Tusan continued: “Defendants have refused to accept the federally established lawful presence of plaintiffs and many other similarly situated students — students who are Georgia taxpayers, workers, and graduates of Georgia public high schools pursuing an affordable option for higher education. Such refusal of a faithful performance of their duties is unreasonable and creates a defect of legal justice that has already negatively impacted thousands of Georgia students.”
The Board of Regents appealed Tusan’s ruling.
This is the plaintiffs’ second attempt to reverse the tuition policy for DACA recipients. Last year, the Georgia Supreme Court unanimously rejected their first attempt, saying sovereign immunity — the legal doctrine that protects state agencies from being sued — shields the Board of Regents from such lawsuits.
Charles Kuck, the attorney representing the DACA recipients in the case, said they would appeal, bringing the case back to the Georgia Supreme Court.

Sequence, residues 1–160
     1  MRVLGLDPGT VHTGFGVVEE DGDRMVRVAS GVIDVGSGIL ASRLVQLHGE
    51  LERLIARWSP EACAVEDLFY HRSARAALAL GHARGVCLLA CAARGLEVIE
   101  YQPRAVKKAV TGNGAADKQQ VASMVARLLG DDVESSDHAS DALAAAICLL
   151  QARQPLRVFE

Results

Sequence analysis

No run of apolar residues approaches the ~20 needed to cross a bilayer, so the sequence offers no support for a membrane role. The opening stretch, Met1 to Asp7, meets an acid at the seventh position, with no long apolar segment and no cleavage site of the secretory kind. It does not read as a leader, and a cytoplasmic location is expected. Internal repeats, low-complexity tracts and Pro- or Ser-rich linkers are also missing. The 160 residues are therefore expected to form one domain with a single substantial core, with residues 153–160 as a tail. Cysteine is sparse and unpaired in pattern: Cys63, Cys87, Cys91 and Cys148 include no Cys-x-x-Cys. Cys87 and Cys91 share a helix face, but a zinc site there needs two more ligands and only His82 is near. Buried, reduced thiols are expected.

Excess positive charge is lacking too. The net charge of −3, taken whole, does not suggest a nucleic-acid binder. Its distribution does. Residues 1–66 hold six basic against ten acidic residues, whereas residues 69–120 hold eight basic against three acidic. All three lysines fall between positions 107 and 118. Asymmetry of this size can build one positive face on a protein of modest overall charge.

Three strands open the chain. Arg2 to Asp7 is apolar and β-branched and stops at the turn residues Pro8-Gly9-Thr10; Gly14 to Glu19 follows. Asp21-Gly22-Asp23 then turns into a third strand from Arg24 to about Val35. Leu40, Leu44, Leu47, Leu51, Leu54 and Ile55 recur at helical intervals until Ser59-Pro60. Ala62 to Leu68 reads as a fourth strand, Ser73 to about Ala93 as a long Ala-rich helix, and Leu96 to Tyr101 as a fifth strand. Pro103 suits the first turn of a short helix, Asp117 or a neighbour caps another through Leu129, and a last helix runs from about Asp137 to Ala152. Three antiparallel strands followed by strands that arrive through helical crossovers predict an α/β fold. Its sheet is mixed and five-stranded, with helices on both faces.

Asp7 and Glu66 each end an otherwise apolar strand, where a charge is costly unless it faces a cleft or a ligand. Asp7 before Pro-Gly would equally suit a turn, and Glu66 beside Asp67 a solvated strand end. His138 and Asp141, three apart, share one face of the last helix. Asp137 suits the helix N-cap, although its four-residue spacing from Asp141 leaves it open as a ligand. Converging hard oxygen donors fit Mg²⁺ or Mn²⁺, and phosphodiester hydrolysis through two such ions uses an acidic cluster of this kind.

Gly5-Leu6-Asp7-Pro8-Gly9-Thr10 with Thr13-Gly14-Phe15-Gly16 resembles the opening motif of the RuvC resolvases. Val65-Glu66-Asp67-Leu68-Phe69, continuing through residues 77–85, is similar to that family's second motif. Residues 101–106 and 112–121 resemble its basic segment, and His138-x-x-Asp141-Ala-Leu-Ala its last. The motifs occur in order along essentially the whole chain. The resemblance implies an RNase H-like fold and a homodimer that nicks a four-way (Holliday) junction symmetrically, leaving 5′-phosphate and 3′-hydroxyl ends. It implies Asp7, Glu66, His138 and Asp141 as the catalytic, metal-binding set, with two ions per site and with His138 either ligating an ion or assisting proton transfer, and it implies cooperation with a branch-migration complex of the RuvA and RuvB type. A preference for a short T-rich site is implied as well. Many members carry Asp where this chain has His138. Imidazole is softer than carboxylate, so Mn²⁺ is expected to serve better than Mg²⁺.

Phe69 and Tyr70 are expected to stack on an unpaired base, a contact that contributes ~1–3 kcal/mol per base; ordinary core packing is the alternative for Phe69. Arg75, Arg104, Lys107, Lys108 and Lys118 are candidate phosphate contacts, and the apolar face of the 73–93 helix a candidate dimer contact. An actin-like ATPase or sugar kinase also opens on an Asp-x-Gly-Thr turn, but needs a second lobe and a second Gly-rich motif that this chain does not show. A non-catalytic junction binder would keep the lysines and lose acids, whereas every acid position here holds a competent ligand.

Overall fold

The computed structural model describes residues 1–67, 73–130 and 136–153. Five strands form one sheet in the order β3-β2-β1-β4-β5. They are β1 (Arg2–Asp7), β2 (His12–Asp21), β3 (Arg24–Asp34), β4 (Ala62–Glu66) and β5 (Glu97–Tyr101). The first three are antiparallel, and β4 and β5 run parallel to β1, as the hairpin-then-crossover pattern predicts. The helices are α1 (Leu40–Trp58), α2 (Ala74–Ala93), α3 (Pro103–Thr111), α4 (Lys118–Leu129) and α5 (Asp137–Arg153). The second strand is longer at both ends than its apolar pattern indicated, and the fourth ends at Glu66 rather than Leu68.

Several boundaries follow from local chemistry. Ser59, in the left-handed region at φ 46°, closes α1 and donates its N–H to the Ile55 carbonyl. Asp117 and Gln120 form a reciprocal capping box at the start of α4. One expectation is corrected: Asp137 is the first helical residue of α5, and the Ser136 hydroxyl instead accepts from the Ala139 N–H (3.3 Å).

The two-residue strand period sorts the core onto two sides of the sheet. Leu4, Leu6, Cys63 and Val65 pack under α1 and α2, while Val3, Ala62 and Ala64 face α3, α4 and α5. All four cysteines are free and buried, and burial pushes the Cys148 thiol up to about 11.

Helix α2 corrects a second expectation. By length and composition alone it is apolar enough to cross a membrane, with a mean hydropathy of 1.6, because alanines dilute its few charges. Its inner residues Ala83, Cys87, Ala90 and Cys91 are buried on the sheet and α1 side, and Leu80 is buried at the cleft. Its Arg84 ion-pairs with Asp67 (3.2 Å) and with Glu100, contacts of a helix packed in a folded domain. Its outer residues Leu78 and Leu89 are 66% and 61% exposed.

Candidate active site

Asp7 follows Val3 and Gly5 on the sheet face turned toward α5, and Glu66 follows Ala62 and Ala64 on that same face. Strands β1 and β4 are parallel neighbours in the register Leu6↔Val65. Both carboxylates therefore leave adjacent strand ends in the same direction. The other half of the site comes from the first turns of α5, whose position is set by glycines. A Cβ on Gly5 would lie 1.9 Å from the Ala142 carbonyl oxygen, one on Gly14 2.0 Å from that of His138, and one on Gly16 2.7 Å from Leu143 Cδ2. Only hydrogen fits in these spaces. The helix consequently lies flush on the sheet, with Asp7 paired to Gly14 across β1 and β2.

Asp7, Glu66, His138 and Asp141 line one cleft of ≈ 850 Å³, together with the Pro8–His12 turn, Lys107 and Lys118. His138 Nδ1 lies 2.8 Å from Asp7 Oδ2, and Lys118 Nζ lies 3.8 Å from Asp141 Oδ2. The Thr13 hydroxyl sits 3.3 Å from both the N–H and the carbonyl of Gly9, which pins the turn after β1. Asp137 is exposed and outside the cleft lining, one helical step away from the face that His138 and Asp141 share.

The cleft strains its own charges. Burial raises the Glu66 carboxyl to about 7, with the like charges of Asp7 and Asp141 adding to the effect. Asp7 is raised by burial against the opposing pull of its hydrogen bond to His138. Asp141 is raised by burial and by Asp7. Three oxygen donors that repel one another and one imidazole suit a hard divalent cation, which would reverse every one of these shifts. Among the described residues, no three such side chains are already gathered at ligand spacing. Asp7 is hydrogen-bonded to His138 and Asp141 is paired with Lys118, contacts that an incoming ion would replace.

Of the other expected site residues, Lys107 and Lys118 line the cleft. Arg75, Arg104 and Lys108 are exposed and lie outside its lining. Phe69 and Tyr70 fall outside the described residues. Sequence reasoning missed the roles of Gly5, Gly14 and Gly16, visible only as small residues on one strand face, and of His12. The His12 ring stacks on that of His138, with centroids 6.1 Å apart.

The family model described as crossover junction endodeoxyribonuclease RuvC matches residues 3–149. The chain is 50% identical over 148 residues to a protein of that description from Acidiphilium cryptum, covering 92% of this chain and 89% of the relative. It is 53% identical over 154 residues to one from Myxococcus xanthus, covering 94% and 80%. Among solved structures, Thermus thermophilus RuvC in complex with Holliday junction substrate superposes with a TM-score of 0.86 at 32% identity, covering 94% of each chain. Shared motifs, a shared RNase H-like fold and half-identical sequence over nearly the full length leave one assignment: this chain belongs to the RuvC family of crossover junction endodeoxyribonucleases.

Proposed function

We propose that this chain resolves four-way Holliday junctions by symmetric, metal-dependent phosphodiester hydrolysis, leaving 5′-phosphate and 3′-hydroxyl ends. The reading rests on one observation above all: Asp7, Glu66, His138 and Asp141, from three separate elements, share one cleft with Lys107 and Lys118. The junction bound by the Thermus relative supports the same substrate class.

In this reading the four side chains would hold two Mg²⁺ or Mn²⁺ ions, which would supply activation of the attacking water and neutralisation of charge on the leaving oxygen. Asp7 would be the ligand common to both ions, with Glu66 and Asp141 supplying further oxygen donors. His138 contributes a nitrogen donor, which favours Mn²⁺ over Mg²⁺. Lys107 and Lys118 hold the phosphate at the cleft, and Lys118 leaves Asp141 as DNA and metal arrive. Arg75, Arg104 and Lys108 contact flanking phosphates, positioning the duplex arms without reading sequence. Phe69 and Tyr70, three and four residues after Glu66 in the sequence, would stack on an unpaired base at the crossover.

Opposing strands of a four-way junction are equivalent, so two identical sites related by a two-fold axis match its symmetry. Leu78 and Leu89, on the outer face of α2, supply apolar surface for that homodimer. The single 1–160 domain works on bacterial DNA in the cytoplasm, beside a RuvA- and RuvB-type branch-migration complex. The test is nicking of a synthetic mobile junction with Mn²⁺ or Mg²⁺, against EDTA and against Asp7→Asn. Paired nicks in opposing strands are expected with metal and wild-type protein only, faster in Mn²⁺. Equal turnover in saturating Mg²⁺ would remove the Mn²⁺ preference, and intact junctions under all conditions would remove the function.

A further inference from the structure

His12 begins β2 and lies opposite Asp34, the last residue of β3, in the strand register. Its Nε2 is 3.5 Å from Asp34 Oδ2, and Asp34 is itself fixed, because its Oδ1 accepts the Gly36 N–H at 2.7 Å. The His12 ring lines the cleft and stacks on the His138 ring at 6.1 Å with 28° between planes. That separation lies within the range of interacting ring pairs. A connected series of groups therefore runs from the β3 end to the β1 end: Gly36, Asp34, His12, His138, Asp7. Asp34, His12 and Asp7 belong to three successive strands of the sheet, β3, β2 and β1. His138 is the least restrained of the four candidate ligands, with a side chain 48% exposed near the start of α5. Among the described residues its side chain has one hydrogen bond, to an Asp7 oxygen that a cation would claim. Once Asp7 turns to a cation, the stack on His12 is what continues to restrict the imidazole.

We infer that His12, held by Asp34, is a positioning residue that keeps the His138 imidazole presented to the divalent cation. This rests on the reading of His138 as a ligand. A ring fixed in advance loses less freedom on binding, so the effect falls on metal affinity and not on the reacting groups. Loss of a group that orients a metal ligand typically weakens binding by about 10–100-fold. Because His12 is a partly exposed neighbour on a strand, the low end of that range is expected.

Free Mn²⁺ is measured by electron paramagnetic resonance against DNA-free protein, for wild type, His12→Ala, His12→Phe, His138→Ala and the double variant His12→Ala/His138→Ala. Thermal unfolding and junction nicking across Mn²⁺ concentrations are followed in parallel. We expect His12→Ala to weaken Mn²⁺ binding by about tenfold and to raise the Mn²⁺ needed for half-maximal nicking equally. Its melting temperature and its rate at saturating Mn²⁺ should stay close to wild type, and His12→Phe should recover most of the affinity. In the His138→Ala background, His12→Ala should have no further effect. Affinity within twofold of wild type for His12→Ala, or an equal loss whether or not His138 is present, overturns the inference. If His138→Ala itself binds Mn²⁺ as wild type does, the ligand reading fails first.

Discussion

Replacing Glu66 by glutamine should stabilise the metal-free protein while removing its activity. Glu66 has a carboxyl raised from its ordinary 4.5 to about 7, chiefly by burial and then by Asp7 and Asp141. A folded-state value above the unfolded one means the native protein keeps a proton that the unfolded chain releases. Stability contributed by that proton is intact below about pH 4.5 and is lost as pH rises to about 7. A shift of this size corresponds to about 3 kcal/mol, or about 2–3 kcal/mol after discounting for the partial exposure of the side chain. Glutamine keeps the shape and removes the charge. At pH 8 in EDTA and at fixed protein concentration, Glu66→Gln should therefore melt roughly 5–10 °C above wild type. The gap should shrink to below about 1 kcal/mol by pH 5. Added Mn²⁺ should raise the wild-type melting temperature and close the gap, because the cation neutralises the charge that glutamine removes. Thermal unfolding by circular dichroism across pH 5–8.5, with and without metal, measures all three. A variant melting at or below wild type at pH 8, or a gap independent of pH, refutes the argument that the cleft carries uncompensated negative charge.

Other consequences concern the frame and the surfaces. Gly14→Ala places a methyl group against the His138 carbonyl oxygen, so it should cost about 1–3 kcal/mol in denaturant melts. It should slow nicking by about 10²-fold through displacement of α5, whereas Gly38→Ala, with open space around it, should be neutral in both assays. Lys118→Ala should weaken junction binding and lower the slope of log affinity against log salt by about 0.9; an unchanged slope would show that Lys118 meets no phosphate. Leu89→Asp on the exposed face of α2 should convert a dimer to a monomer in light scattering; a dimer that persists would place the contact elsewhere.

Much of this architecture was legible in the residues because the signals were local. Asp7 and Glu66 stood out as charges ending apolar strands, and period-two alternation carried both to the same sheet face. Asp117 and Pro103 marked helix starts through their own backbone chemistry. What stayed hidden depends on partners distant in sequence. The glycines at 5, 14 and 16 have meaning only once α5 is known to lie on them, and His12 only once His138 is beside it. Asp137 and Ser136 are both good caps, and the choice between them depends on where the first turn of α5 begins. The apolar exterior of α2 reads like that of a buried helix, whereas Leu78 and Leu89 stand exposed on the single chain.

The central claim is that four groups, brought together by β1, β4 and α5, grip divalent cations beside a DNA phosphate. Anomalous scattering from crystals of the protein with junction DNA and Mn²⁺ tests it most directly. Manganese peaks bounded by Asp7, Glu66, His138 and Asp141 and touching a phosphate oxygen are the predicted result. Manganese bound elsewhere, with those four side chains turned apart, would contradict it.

Rigoberto Rivera, a plaintiff and Roswell High School graduate who was brought to the U.S. from Mexico as a child, wrote on Facebook that the appeals court’s decision was “erroneous and an injustice” to the DACA recipients in Georgia who “pay taxes and that have fought for the past four years for their right to in-state tuition.”
“The Georgia Undocumented Youth Alliance will continue the fight in court,” he said.
A spokeswoman for the Georgia Attorney General’s Office, which represented the Board of Regents in the case, had no comment other than to say the appeals court’s decision speaks for itself. A spokesman for the Board of Regents declined to comment.